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FLOMEC® QS200 Helps the City of Irvine Prevent Thousands of Dollars a Year in Lost Water Costs

FLOMEC® QS200 Helps the City of Irvine Prevent Thousands of Dollars a Year in Lost Water Costs

With its low flow capability and extended leak detection down to 0.1fps, the QS200 uncovered an irrigation system leak previously undetected by a nutating disc utility meter

THE BUSINESS:

Quail Hills is a sub-division of the City of Irvine, California. Irvine is a master-planned city in Orange County, California, which is part of the Los Angeles metropolitan area. The 66-square-mile city has a population of 276,000. All streets have landscaping allowances. Rights-of-way for power lines also serve as bicycle corridors, parks and greenbelts to tie together ecological preserves. The city irrigates the greenery with reclaimed water. As with every municipality in California, saving water is a critical part of the city's budget.

THE SITUATION:

The Irrigation Field Supervisor at Villa Park Landscape was overseeing a retrofit replacement of a Data Industrial Impeller Flow Sensor with a QS200 Insertion Ultrasonic Flowmeter at the Quail Hills Commons Park in Irvine, California.

The team began by estimating the expected flow rate in the test zone by counting the number of sprinkler heads. For this zone, the estimated flow rate was 70 GPM. This was pretty close to the actual flow rate measured by the QS200 at 73.3 GPM. After the test, the master valve was shut off. However, the controller was displaying a flow rate of 0.3 GPM. This suggested a leak in the system, on the city side of the water line. The 2" utility water meter did not indicate any flow because this is below the threshold of its measurement capability.

KEY ISSUES:

The next step was to manually close the master valve to make sure it was not leaking. Upon doing this, the controller displayed a flow rate of 0 GPM. The obvious conclusion was that the master valve was leaking. This is not a rare occurrence and accounts for a lot of wasted water in commercial irrigation systems. In this case, 0.3 GPM translates to the following water volumes over time: 18 gallons every hour, 432 gallons over 24 hours, 12,960 gallons in a month, and 157,680 gallons over a one year. That's an enormous waste of water if undetected.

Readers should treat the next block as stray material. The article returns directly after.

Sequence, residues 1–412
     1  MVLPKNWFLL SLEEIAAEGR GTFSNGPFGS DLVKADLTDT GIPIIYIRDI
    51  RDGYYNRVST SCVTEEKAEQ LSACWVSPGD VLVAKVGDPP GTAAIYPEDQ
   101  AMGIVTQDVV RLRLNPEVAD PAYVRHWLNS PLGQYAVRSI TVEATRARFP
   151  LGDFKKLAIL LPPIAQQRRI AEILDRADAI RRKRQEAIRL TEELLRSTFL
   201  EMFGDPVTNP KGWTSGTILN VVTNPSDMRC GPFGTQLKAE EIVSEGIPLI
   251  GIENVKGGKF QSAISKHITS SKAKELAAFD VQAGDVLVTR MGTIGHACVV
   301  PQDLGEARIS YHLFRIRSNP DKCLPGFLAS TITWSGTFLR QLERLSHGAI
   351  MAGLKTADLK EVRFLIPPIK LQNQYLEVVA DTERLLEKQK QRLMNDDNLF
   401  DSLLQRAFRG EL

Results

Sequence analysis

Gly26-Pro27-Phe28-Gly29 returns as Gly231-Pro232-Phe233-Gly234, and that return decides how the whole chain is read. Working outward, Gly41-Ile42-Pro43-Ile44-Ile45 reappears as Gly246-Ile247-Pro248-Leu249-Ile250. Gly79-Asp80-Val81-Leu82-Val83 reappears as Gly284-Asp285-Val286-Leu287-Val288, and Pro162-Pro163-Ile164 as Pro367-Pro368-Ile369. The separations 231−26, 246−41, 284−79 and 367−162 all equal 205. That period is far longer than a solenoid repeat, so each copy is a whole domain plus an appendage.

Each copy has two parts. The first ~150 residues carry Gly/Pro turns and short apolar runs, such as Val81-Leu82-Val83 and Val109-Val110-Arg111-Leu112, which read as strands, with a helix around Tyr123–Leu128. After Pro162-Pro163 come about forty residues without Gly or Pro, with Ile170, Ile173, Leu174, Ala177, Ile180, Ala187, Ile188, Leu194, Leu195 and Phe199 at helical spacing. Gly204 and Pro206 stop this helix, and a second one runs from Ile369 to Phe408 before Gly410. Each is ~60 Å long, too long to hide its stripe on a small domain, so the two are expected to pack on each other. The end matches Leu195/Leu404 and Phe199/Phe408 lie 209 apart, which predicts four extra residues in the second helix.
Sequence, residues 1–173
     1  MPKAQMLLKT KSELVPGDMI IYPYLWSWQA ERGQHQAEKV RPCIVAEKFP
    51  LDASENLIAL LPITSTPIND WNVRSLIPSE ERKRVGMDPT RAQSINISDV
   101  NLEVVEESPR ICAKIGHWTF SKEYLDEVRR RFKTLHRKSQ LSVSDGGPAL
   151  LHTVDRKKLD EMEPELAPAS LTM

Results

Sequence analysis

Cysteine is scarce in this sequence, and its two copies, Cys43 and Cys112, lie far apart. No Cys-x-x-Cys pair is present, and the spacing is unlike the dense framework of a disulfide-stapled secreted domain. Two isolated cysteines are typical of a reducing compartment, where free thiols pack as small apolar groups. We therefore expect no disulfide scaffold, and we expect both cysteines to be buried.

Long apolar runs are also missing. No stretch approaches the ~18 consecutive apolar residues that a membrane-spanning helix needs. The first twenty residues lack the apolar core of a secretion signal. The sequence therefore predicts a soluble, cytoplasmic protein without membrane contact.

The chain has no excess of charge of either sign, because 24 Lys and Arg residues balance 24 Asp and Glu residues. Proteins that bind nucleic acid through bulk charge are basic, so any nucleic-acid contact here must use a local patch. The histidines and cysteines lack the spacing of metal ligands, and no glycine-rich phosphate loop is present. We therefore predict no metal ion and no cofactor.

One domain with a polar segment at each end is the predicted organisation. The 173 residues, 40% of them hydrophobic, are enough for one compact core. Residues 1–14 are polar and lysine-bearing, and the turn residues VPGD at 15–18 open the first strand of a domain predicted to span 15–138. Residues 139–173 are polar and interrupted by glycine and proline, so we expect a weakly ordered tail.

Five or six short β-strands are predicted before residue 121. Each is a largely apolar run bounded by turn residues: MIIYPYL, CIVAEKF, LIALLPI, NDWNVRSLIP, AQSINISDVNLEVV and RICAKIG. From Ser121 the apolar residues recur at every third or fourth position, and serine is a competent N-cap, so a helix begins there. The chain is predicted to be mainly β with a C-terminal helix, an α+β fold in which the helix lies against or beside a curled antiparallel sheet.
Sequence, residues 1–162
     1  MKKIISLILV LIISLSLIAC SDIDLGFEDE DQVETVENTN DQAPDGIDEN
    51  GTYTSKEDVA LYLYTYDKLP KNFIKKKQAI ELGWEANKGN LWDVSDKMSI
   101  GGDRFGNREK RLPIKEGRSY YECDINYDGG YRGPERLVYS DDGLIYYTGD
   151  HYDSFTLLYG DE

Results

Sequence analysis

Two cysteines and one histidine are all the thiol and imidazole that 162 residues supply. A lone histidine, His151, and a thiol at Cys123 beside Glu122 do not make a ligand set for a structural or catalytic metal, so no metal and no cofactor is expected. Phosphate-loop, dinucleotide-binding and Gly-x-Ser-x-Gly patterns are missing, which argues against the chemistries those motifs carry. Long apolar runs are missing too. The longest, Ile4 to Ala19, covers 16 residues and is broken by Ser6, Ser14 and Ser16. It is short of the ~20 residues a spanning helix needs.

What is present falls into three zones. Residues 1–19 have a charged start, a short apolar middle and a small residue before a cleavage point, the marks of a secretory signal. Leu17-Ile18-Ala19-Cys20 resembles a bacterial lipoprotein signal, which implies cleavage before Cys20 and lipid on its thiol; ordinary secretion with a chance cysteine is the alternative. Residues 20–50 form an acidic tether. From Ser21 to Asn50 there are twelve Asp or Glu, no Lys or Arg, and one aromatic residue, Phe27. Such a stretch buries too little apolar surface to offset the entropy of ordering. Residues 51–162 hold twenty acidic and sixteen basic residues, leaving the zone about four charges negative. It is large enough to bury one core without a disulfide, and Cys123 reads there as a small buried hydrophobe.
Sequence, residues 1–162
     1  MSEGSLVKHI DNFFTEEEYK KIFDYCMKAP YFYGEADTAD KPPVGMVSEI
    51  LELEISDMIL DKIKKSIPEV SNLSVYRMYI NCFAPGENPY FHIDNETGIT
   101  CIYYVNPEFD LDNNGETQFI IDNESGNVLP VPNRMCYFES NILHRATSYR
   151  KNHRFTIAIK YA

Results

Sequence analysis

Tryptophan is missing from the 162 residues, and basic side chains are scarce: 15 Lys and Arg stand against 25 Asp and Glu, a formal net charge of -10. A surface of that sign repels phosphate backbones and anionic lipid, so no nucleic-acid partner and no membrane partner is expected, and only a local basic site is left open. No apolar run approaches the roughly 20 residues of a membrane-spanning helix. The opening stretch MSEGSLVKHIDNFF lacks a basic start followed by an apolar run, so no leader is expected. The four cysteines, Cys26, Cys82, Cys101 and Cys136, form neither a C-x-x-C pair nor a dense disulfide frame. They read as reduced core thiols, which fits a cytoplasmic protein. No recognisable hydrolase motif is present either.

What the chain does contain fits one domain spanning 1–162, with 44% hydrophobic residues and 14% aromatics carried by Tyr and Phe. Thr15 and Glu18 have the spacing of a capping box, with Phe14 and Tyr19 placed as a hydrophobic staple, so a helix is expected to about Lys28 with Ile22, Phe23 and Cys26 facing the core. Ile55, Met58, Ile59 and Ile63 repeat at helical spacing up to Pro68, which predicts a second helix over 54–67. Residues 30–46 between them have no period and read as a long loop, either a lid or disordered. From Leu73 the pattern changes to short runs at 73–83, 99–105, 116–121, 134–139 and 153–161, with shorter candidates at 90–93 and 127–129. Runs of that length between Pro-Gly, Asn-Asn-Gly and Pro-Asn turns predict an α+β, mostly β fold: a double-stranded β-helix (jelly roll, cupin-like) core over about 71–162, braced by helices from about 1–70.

THE SOLUTION:

The QS200 is an ultrasonic flow meter with no moving parts. Because of this, there is no mechanical friction, allowing it to measure much lower flow rates than mechanical impeller meters. The impeller in these meters must see a minimum flow rate such that the impeller will overcome friction and start moving in order to sense flow. This minimum flow rate is usually well above 1 GPM in a 2" line.

CONCLUSION:

This is just one example of how the QS200 can detect very small leaks that most mechanical meters are not able to detect. Detecting these small leaks can save a lot of water and money over time. In the case of the City of Irvine, it is estimated that discovering the leaking master valve and replacing it will save thousands of dollars a year in lost water costs.

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